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The Opera House Hotel in Melrose, The South Bronx, one of the sites identified as having had a Legionella contaminated cooling tower in New York City’s largest outbreak of Legionnaires’ in city history, issued a statement today which slams New York City Department of Health due to officials who, “…have refused to provide us with any information.”

The Opera House Hotel also claims that NYC DOH has yet to tell the hotel that their water cooler tested positive.

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In many stories in the media, The Opera House Hotel has been cited as one of the epicenters of this outbreak but the hotel has broken its silence issued harsh words to government officials.

The words released by The Opera House Hotel are that of the community when it comes to city and state officials, specifically those at the respective Department of Health offices not providing sufficient information on the ongoing health crisis in The South Bronx.

The following is the statement released from The Opera House Hotel:

Bronx, NY…The Opera House Hotel today issued the following statement by Glenn Isaacs, Vice President of The Empire Hotel Group.

“Since we first learned about the potential that our clients may have contracted Legionnaires’ disease at our hotel, we have cooperated fully with public health officials and taken proactive steps to cure any problems. Rather than working with us, New York City Department of Health officials have refused to provide us with any information. When we have heard from city officials, they have been low level people who called to tell us they don’t have access to information. It has been a frustrating experience to say the least.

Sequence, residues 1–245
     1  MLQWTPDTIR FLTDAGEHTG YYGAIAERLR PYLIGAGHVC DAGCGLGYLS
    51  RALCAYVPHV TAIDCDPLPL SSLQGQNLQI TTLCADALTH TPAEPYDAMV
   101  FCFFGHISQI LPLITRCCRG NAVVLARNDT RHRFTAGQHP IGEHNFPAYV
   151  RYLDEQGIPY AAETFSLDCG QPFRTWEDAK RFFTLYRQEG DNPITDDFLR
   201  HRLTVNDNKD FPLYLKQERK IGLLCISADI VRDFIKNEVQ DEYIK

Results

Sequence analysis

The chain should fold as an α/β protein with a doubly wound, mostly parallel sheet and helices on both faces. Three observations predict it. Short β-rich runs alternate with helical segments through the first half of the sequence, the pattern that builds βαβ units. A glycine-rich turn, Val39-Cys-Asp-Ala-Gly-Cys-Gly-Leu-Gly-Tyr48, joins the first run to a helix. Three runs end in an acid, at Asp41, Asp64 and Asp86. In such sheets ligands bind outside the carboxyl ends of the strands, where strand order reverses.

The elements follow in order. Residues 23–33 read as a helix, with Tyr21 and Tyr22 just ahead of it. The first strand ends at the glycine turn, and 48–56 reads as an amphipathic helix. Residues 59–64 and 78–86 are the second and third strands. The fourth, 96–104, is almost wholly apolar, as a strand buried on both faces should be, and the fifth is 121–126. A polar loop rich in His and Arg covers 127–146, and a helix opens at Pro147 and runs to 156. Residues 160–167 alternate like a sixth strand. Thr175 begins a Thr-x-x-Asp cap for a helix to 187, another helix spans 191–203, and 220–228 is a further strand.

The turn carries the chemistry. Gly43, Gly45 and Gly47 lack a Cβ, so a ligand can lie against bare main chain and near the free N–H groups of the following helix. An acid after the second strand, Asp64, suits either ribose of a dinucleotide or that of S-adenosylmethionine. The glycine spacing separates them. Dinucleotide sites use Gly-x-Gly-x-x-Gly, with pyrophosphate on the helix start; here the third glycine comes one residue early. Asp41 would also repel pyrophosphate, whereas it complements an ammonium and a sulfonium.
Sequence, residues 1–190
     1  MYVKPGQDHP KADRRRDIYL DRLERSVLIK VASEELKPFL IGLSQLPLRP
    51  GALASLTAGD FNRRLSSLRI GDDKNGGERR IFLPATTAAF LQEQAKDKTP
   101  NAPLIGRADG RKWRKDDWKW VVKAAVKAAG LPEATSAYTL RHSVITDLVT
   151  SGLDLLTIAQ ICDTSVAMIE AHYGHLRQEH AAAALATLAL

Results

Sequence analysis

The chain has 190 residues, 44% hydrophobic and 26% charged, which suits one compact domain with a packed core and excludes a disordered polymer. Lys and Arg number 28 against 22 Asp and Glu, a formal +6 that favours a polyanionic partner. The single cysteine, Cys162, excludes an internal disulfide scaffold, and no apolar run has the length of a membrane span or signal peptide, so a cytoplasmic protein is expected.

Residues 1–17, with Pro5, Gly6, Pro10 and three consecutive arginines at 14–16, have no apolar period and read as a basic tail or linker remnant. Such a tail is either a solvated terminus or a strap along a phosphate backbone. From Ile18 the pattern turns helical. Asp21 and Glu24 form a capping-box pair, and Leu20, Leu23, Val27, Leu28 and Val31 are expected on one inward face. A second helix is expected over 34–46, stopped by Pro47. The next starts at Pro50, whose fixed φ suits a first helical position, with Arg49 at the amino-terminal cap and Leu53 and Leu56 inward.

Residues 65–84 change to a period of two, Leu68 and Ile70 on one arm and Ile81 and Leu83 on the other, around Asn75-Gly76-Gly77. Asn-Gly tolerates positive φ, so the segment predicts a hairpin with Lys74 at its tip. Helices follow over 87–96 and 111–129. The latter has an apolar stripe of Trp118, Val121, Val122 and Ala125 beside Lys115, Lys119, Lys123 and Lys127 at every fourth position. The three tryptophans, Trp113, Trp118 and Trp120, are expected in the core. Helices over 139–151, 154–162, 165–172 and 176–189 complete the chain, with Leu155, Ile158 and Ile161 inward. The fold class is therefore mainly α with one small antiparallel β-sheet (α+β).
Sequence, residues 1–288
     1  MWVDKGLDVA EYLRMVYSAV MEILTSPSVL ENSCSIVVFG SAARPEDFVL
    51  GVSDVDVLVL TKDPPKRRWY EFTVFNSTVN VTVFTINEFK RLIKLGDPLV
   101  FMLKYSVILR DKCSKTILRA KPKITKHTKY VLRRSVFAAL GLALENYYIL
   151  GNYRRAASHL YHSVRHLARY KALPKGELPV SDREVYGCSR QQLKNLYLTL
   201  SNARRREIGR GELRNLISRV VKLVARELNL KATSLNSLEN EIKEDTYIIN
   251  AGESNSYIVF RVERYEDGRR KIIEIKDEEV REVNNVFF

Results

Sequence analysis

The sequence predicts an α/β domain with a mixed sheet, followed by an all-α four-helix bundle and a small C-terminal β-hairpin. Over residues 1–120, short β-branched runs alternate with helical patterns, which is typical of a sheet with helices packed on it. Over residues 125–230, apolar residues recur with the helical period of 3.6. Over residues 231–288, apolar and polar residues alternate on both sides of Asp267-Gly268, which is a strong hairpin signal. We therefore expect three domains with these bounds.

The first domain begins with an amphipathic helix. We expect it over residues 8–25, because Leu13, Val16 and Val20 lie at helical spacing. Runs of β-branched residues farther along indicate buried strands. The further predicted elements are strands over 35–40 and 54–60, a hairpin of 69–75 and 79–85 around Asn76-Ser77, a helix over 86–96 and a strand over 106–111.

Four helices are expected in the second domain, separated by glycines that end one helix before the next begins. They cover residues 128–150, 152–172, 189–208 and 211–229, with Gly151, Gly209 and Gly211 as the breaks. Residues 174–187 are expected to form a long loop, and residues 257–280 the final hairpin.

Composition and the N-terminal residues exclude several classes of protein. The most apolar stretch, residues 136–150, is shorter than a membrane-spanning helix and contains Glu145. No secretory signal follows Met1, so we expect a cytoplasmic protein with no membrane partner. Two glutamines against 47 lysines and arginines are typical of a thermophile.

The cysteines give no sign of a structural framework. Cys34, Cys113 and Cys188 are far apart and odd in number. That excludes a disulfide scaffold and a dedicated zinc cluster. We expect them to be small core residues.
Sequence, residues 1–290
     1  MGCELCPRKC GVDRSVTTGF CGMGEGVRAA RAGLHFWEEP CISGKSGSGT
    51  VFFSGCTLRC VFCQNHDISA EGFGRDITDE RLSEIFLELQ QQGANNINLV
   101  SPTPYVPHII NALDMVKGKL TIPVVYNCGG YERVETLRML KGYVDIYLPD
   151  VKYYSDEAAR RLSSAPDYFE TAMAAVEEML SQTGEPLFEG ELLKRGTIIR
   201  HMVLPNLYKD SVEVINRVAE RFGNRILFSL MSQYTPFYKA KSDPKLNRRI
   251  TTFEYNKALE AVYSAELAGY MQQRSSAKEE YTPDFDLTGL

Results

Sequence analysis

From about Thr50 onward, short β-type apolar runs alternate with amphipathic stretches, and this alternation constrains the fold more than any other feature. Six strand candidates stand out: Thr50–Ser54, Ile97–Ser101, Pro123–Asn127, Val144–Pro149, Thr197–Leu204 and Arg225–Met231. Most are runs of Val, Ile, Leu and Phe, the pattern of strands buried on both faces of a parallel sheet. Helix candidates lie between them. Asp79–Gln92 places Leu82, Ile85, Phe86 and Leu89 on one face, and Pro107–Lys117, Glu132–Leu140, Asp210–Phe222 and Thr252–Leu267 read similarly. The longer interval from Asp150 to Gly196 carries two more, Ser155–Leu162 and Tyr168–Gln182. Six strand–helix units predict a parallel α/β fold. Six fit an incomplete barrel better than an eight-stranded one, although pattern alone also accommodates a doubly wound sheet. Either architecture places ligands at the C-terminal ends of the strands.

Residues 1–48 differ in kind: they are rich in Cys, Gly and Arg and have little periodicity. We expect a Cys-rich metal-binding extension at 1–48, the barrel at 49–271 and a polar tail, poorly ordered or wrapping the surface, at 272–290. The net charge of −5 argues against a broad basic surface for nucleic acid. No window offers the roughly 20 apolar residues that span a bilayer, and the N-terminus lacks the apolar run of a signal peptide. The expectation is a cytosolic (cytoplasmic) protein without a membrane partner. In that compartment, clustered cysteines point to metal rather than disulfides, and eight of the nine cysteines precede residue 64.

But the anonymous statements attributed to City health officials in today’s New York Times takes this reckless behavior to a new level. It’s outrageous that these officials would offer little more than speculation to the Times, while admitting in the same article that the information could be wrong. We are deeply concerned that there has been a rush to judgement as part of some game of one-upmanship between City and State officials. Why else would the city rush out with anonymous statements to the Times? Was the City trying to take credit for “solving” the mystery of how this all started? NYC DOH owes us answers, in person, or by phone, before leaking half-baked information to the media regardless if speculation proves accurate or not.

“While we were told three people who stayed with us contracted the disease, we still don’t know from DOH that our water cooler tested positive. Given that approximately 25 percent of our customers come from The Bronx, it’s entirely possible those people who stayed with us contracted the disease elsewhere.

“Our water cooler is two years old, and equipped with the latest technology. It has been routinely cleaned and maintained annually, and has been cleaned by an outside firm again since we learned of this situation. We did not wait for test results; we acted quickly. Still, we expect DOH to share the results with us today and provide some basic answers about the people who stayed with us, while still protecting their privacy.

“We trust we won’t have to get these answers from the media, and that the city will refrain from anonymous speculation that damages not only our reputation and the DOH’s, but the great people who live, work, and visit in the South Bronx.”

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This statement from The Opera House is in line with many statements from locals who are feeling that not enough information is being provided about this outbreak to the community.

Our government officials are too busy trying to out do each other when they should be working to protect our lives.

 

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